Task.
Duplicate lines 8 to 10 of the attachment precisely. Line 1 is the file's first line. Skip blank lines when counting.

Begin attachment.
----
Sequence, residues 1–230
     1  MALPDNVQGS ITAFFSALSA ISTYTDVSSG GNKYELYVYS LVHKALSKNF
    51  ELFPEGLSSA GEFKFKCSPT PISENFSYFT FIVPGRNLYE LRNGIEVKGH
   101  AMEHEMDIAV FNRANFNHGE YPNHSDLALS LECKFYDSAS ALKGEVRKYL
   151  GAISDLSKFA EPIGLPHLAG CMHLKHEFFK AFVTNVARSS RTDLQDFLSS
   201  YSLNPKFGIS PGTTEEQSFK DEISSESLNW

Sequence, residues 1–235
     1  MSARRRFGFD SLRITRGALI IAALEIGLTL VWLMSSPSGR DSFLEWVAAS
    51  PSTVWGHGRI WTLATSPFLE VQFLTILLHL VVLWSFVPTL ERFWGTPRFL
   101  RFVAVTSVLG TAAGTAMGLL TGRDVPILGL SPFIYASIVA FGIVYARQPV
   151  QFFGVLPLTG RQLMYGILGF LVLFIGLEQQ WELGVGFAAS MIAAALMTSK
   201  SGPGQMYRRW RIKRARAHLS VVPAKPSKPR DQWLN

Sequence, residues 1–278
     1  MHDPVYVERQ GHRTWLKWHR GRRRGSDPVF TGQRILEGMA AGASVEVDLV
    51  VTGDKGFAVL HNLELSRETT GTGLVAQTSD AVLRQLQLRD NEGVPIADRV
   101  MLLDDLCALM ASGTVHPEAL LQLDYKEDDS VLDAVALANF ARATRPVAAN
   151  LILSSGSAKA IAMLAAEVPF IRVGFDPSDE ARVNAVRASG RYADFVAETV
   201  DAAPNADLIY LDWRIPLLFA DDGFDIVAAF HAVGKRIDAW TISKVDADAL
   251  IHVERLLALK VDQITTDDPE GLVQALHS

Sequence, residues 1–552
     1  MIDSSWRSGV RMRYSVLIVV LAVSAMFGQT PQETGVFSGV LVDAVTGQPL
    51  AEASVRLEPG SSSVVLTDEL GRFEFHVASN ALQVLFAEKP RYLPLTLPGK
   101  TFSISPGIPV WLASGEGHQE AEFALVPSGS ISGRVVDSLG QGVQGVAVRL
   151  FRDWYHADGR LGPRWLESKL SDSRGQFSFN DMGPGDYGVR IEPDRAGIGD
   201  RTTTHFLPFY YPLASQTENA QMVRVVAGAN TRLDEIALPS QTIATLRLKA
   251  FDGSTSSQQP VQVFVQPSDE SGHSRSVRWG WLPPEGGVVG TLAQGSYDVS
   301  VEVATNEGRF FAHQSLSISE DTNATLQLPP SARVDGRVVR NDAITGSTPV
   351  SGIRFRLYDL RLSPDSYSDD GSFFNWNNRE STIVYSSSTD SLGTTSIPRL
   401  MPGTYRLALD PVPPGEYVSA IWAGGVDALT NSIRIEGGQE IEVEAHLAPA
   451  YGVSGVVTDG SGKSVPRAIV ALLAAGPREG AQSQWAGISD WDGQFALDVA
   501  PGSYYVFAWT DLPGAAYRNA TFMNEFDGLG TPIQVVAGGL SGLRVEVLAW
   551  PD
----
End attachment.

     1  MSARRRFGFD SLRITRGALI IAALEIGLTL VWLMSSPSGR DSFLEWVAAS
    51  PSTVWGHGRI WTLATSPFLE VQFLTILLHL VVLWSFVPTL ERFWGTPRFL
   101  RFVAVTSVLG TAAGTAMGLL TGRDVPILGL SPFIYASIVA FGIVYARQPV